May 14, 2017




This week’s bulletin article was composed last Monday morning, on the road, in Chadds Ford, Pennsylvania, home of the Brandywine River Museum.

After a very busy Lent and Easter, I felt I was due for a little time off so I went to visit relatives and to go on some adventures. Last Saturday evening, I concelebrated Mass in a little town that is named after a Russian prince who gave up his prestige and his fortune and became a priest. Fr. Demetrius Gallitzin was one of the first priests ordained in this country. That day was actually the anniversary of his death in 1840. Sadly, I think I was the only one in town who knew of this landmark date despite the fact that he is being considered for sainthood. It was also the anniversary of my father’s being buried there at St. Mary’s Cemetery in May of 2001.

I continued on Route 22 across that beautiful state, passing over, around, and through many mountain ridges, all the way to Philadelphia where I took a selfie with one of my favorite saints, Joan of Arc (her feast day is later this month). She is next to the art museum and there’s another famous statue there. Far more people have their picture taken with Rocky Balboa than with Joan.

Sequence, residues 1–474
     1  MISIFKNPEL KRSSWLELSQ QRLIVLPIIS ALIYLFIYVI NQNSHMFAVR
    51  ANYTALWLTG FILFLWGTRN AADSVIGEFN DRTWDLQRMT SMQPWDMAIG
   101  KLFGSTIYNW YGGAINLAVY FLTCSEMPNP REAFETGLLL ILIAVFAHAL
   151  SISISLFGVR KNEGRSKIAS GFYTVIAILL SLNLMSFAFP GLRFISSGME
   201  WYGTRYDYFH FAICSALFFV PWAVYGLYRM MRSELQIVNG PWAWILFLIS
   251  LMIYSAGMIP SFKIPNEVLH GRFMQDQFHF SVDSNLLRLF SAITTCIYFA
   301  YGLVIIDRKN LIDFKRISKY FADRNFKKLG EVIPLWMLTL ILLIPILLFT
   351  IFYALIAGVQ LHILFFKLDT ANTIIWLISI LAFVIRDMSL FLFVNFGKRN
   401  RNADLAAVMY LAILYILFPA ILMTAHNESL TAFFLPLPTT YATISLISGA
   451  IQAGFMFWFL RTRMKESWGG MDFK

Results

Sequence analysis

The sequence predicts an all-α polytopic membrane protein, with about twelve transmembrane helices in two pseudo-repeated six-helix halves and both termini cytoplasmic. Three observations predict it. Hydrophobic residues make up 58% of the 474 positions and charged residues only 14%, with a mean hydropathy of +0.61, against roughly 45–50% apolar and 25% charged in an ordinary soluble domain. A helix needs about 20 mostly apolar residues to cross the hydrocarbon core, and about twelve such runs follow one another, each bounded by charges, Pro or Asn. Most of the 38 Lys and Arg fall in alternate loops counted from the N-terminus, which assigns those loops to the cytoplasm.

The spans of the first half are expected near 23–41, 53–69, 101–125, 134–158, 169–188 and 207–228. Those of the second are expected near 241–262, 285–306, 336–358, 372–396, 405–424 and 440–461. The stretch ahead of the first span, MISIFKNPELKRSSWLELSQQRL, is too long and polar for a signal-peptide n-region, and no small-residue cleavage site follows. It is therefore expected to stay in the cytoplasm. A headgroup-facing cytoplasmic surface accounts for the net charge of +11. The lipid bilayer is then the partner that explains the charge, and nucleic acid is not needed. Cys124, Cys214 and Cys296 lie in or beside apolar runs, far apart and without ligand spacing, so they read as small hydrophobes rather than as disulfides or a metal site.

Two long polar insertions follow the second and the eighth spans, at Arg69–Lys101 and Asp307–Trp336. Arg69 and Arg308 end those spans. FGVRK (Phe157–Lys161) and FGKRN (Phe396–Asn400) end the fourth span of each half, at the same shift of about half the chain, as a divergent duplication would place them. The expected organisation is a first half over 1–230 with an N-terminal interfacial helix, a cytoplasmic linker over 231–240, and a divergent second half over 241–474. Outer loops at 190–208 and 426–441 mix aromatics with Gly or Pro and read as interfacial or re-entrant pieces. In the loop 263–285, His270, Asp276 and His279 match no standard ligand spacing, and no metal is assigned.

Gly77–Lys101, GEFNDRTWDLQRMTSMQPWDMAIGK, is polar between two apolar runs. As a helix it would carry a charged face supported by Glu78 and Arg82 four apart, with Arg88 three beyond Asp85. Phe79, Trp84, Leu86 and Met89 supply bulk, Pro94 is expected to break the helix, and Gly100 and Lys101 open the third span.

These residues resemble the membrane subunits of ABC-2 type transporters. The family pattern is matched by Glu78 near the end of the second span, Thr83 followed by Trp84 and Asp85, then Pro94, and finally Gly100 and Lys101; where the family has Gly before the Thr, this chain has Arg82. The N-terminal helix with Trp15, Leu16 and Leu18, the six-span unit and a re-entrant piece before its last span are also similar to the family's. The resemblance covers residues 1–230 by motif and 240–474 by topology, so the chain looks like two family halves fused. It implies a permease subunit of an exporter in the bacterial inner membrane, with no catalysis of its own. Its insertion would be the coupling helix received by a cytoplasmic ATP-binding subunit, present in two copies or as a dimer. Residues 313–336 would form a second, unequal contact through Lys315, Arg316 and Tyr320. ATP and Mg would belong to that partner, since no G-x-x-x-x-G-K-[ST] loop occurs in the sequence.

But the thing that really inspired me to take off, however, was an invitation to participate in a special event near the little town of New Hope, an hour north of Philly. It was another anniversary. George Nakashima is a famous Japanese American woodworker who was a hero to many of us back in the day. This was the 50th anniversary of the opening of his studio, which is now a national landmark. He died in 1990, but his daughter Mira continues to maintain the Studio and the business. I learned that the Nakashima family is Catholic. I found this a bit surprising; I thought he might have been Buddhist. But many people attended the gathering and admired the many beautiful pieces of wood and furniture on display. One of the aspects of his legacy is the crafting of several “Peace Altars” made from thick slabs from a very large walnut tree. The slabs were opened up like a book to make for a very, very wide altar. The wood pieces in our activity center lounge area were inspired by this style which he made famous, that of the book-matched surface with natural edge. (Remember, that wood was harvested from our grounds when we built our school).

This weekend we celebrate the 100th Anniversary of the first apparition of Our Lady at Fatima. I’ve included a picture taken at her garden shrine in the little town of Loretto, the town actually founded by Fr. Gallitzin. It shows the three shepherd children venerating Our Lady in front of a background picture of the beautiful Allegheny Mountains. I’ve made many visits to these grounds over the years. Loretto has always been one of my favorite places to visit. It’s so peaceful there.



Our First Communion children crowned Mary this weekend. We did, however, use another statue and a different crown. It was the image of Mary as she appeared in 1917. This statue will be used throughout the next six months.

Congratulations to our Confirmandis who received the sacrament of Confirmation last Wednesday.


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